• Click through to learn more about the author and their book(s)
  • If interested, buy the book and leave a review

To support this website and the author’s interviewed, visit Support MTA for suggestions. Thank you! – Camilla, Founder and Host

Meet the Author: Gina’s Therapy by Silvia Sbaraini

Today we travel to Canterbury, Kent, in the UK to chat with Silvia Sbaraini about how answering questions, ideas in the middle of the night, an elephant, an attic bedroom, listening to the radio, transcendence, tarot-reading workshops, advice from Grandma, sand martins, and chocolate truffles come together as part of Silvia’s current and past life.

Tell us a bit about yourself.

Hello! My name’s Silvia and I live in Canterbury, Kent, in the UK. I’ve lived in the same house for over twenty years and feel I know it like an old friend (and occasional enemy, when bits of it go wrong). It’s 7 pm on a Wednesday evening during lockdown: Grown-up Daughter Number 2 is downstairs assembling dinner, complete with swearing and the radio turned up loud; my husband is in the front room watching reruns of old football matches because there’s no live sport; and I’m sitting at my desk looking at lists of all the life admin I need to do, but still haven’t got around to. And deciding to answer Camilla’s great questions instead …

Sounds wonderful. Everyone doing their own thing, with a bit of swearing and procrastination thrown in! HA!

In which genre do you write?

I write women’s fiction.

What is an interesting writing quirk you have, that we wouldn’t know by reading your biography?

Ideas or beginnings, particularly for short stories, wake me up during the night. Then I have to get up and start writing, otherwise I’m guaranteed to forget them. I don’t know how many stories I’ve lost because I didn’t want to get out of bed at 4 am!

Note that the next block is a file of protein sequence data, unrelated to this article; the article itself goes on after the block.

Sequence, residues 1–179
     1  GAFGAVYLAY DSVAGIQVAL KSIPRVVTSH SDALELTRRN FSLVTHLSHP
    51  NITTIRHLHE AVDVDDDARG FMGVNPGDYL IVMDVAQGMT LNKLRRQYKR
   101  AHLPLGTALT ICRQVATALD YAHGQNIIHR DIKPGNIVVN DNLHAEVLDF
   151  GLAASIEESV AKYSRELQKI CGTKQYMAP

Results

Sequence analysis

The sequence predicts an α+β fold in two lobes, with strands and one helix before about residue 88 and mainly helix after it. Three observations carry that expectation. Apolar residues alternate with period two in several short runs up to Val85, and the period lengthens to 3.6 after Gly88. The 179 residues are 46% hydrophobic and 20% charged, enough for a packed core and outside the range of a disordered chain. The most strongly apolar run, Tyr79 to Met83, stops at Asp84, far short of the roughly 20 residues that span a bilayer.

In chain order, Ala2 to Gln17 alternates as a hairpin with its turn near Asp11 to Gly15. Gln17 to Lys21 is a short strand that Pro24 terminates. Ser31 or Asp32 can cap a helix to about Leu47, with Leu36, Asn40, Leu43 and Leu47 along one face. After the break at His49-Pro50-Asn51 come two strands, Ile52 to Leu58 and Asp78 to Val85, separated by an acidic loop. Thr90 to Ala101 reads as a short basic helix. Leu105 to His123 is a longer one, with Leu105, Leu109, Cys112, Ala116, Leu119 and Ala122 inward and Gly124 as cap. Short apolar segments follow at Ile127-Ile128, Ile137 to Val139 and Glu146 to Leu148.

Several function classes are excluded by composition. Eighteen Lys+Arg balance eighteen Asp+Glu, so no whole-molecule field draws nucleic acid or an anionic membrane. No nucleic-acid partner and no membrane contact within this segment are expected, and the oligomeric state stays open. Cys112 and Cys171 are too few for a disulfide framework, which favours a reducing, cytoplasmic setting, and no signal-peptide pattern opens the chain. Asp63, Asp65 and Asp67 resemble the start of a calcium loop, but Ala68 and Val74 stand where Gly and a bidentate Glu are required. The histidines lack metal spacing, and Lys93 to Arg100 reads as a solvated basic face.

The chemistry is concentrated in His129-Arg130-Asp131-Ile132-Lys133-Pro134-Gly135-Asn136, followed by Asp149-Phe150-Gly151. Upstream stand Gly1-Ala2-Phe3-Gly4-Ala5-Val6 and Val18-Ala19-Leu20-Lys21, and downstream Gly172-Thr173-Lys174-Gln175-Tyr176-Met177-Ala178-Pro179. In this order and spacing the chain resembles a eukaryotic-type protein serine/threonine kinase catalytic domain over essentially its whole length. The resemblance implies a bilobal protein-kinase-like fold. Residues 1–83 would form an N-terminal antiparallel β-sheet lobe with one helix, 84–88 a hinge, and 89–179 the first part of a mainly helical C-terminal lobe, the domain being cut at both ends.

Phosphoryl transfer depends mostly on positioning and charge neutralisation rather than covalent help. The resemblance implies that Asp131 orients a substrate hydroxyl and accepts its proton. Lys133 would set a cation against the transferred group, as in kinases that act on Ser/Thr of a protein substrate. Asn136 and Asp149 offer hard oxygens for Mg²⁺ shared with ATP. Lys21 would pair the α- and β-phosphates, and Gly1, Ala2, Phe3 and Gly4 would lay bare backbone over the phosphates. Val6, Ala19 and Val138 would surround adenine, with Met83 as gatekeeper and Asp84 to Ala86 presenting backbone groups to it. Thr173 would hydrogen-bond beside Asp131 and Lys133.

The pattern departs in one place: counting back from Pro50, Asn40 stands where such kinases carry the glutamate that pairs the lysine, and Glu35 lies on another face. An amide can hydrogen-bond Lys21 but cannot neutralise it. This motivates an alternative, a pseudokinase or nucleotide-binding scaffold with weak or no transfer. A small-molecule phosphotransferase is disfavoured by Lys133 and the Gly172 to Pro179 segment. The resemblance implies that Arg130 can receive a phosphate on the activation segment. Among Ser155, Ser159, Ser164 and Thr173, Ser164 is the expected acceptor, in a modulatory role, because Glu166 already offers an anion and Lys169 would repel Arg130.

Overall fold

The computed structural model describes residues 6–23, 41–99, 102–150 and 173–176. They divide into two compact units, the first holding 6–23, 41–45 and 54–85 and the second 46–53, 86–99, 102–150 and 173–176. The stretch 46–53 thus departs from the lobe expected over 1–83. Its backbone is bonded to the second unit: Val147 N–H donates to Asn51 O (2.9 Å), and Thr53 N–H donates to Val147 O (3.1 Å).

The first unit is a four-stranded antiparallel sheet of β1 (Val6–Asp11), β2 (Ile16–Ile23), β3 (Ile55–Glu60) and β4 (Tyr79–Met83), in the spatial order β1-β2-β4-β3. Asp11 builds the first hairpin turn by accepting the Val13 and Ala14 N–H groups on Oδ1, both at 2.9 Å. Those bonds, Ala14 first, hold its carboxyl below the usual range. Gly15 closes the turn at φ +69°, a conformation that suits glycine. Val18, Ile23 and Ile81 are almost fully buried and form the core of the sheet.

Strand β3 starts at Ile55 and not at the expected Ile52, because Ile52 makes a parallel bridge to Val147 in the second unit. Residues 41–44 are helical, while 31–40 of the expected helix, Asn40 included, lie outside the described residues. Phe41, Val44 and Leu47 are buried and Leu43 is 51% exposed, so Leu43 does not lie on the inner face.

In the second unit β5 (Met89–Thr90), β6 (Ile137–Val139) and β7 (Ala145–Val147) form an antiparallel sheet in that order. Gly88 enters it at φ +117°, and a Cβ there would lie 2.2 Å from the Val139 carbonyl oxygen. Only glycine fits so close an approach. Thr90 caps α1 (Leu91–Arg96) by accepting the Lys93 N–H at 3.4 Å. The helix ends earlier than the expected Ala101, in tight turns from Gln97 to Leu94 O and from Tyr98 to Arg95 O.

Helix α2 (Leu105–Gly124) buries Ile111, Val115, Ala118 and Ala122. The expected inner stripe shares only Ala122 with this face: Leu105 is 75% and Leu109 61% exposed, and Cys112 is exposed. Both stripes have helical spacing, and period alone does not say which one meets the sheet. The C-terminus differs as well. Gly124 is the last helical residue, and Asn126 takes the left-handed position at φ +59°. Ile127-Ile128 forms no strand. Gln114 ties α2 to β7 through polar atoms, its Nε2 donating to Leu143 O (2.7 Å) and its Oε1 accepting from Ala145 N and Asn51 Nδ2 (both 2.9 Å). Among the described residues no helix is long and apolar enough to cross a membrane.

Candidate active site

What would you choose as your spirit animal and why?

An elephant. Aren’t they amazing? Their size, their build, how they live in their social groups. I wouldn’t fancy being pregnant for twenty-two months though.

What does your ideal writing space look like?

Light, bright and uncluttered, with a great view. Sometimes I write upstairs in the attic bedroom, which has a view of rooftops, the cathedral and an expansive sky. It’s a lovely place to work.

What are you currently reading?

I’m just about to begin The Gyspy Bride by my friend and fellow author Katie Hutton. It’s a romance-cum-family saga set in Oxfordshire between the wars. I’m really looking forward to this one as Katie writes the most beautiful, evocative descriptions. I’m not sure I’d have the confidence to write historical fiction – I’d be too afraid of getting the period details wrong!

Where did the idea for your most recent book come from?

Well, it’s about a woman in her forties who is just getting on with her life – like we all do – when she receives a serious health diagnosis out of the blue. I’d been listening to the radio and they were talking about living with serious illness. And I thought: how would you cope? What would be the impact? Would it make you live life differently? This was the spark for the story.

What is the most surprising thing you’ve learned about yourself through writing?

Being a bit of a perfectionist/obsessive is quite helpful. To do anything creative well, it’s actually positive to have these characteristics – the desire to makes something as good as it can be, even if that means rereading and re-writing the same sentence a hundred times.

What is the most enjoyable thing you’ve found through writing?

Escape or transcendence. When fully in the flow of writing I’m transported into that other world. It’s totally absorbing – nothing else exists and I lose track of time. My husband always says I’m happiest when writing. Also, I get a tremendous amount from reading, whether that be entertainment, being immersed in a completely different world or a sense of not feeling alone. Words have such power.

I absolutely agree with you … Words have incredible power!

What’s the strangest thing you’ve done or experienced to help create a scene?

Well, one of the central characters in the book I’m currently writing is an eighty-three-year-old psychic who reads tarot cards. So, in the interests of research, I’m taking part in regular tarot-reading workshops. I have to say, I’ve met a lovely, welcoming bunch of people, and I’m becoming much more familiar with the meanings of the cards. I haven’t discovered any latent psychic ability though (I think I was secretly hoping I would).